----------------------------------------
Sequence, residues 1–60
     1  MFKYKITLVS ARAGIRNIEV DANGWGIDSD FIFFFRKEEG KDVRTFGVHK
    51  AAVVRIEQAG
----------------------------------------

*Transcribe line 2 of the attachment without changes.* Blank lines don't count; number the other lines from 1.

     1  MFKYKITLVS ARAGIRNIEV DANGWGIDSD FIFFFRKEEG KDVRTFGVHK